Infrastructure Committee, inserted into the record a Virginia DOT plan for
determining areas along a state byway which are inconsistent with state
criteria. This plan was intended to provide an example where a state made a
reasonable basis for excluding certain segments of a scenic byway.
21 (Transportation Equity Act for the 21st Century)
21 (P.L. 105-178) was signed into law on June 9, 1998. It authorized
guaranteed spending levels for highway, safety, transit and other surface
transportation programs for the next six years. It builds on the initiatives
of the ISTEA Act of 1991.
the first time in more than 30 years, no billboard amendments were offered or
Control Mileage Under HBA
Total Interstate, Federal-aid primary highways (as of June 1, 1991) and the
system is 306,000 miles.
Total number of National Highways System (NHS) miles (as of October 1995 when
the NHS was enacted) is 156,500. Of those, 110,700 are NHS roads,
and 45,800 are on the Interstate highways.
Outdoor advertising controls are established by rural and urban area
The urban area boundary definition is established in the statute to be 5,000
or more in population.
The Federal Highway Administration (FHWA) in its Nationwide Statistical Report
on the outdoor advertising control program reports that there are nearly
875,000 fewer signs along controlled highways since enactment of the Highway
Beautification Act in 1965.
statistics as of 9/30/96 show:
Over 127,000 legal nonconforming compensable signs have been removed.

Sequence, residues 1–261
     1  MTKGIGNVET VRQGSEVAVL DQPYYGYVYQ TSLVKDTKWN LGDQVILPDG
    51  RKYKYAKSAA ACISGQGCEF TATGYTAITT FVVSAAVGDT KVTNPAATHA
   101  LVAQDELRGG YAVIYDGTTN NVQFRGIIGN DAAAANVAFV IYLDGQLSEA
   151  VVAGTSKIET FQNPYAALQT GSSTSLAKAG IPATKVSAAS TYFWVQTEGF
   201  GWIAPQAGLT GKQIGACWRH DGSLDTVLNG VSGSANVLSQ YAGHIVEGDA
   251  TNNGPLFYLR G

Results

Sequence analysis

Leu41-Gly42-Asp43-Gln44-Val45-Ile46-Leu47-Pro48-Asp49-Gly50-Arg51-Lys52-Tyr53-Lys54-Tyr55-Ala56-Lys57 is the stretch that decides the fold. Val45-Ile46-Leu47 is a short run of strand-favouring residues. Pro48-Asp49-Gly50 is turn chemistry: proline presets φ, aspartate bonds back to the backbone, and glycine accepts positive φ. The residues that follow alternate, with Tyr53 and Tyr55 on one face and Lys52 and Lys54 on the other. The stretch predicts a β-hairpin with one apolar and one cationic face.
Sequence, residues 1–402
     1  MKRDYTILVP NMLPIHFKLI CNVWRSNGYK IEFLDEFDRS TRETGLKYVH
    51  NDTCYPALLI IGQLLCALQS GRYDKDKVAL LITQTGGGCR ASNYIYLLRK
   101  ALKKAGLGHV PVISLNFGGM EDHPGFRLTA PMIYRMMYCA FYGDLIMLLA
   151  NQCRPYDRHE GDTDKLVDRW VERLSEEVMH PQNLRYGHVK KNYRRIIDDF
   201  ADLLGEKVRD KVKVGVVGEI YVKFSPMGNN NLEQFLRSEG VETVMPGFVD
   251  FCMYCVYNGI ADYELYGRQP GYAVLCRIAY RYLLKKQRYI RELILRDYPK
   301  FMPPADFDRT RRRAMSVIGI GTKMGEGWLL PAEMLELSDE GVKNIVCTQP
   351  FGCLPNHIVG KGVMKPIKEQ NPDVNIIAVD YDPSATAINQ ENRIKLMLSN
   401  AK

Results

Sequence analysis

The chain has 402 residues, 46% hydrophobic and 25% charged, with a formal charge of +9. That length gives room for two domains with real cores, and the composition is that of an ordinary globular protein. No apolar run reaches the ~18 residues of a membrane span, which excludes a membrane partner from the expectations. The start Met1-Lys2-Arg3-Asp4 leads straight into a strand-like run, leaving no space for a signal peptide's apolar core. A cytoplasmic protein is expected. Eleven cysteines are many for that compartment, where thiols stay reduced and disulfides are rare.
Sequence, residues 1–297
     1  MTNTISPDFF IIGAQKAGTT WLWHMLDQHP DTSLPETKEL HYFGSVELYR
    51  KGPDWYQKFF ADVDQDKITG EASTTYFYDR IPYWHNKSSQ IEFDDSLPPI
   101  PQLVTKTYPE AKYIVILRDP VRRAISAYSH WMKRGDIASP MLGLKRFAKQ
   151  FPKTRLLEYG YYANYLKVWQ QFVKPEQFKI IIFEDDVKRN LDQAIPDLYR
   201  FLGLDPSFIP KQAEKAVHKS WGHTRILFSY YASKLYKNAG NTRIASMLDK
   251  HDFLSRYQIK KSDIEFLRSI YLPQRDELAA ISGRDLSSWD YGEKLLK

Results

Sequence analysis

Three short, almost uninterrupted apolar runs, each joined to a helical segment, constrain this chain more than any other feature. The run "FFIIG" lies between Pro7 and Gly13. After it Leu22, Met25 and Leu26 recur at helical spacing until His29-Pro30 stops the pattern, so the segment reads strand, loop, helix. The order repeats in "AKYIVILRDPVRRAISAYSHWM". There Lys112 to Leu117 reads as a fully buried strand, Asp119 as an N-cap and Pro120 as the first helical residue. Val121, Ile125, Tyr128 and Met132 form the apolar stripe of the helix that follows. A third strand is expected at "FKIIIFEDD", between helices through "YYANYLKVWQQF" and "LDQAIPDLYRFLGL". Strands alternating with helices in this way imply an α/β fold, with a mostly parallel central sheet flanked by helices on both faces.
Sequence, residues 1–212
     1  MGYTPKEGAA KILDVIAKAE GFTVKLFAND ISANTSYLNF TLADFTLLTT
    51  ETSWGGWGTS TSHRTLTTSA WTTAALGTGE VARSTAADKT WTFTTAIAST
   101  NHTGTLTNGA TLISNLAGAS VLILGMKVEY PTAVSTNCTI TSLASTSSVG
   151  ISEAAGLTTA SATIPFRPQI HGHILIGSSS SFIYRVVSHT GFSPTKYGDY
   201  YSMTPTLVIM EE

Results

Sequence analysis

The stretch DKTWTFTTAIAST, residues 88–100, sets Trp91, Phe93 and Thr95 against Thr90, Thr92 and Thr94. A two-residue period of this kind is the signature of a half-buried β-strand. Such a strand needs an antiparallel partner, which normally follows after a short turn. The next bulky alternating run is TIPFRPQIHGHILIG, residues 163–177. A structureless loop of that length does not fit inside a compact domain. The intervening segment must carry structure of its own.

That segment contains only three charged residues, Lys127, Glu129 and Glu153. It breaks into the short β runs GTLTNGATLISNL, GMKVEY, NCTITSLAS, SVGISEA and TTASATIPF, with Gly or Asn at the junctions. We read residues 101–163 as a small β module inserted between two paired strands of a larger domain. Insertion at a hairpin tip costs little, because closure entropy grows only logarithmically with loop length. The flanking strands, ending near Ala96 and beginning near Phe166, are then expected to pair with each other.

Fewer than 74,000 legal nonconforming signs remain.
Nearly 750,000 illegal signs have been removed by owners or the government, or
98% or all illegal signs.
Approximately 14,600 illegal signs remain to be removed (reports show most are
not standardized billboards but agriculture and farm signs.)
and State Enforcement
U.S. Department of Transportation, through its Federal Highway Administration
(FHWA), provides outdoor advertising program guidance at the federal level. At
the state level, each state's Department of Transportation administers and
enforces outdoor advertising Permit programs, monitors the erection and
maintenance of billboards, and provides statistics on nonconforming and
illegal sign removals.
1958, Congress passed the first outdoor advertising control legislation
commonly known as the "Bonus Act", PL 85-381. It was repealed and
replaced by the Highway Beautification Act of 1965, and is now found in the
United States Code at 23 U.S.C. 131 (j). Its provisions still exist by reason
of agreements with the states.
Bonus Act provided an incentive to states to control outdoor advertising
within 660 feet of the Interstate highway system. States that volunteered for
the program would receive a bonus of one-half of one percent of the Federal
highway construction costs on segments of Interstate highways controlling
existing Bonus program is an unfunded Federal mandate since no Federal funds
can be used to pay states for the stricter control requirements along the
amendments were adopted which allowed outdoor advertising along portions of
Interstate highways. The first amendment was known as the "Cotton
Amendment", which exempted any areas adjacent to part of a right-of-way,
acquired prior to July 1, 1956. This allowed billboards in areas adjacent to
interchanges, overpasses, and along roads that ran parallel to the Interstate.
second, known as the "Kerr Amendment", allowed outdoor advertising
signs in commercial and industrial zones. Incorporated municipal boundaries
were frozen as of September 21, 1959 (the date of the amendment). Another
feature of the Kerr Amendment was that outside city limits, signs were
permitted only in commercial or industrial zones as of September 21, 1959. In
effect the zones were frozen. Inside city boundaries, zoning was not frozen
for purposes of outdoor advertising control.
Enacting Bonus Act Provisions
following twenty-five states enacted laws to implement the "Bonus"
, dropped the bonus program;
by court decision and
Bonus Act standards
are set out at Title 23, Code of Federal Regulations, Part 750, Subpart A.
Source: OAAA (Outdoor
Advertising Association of America, Inc.)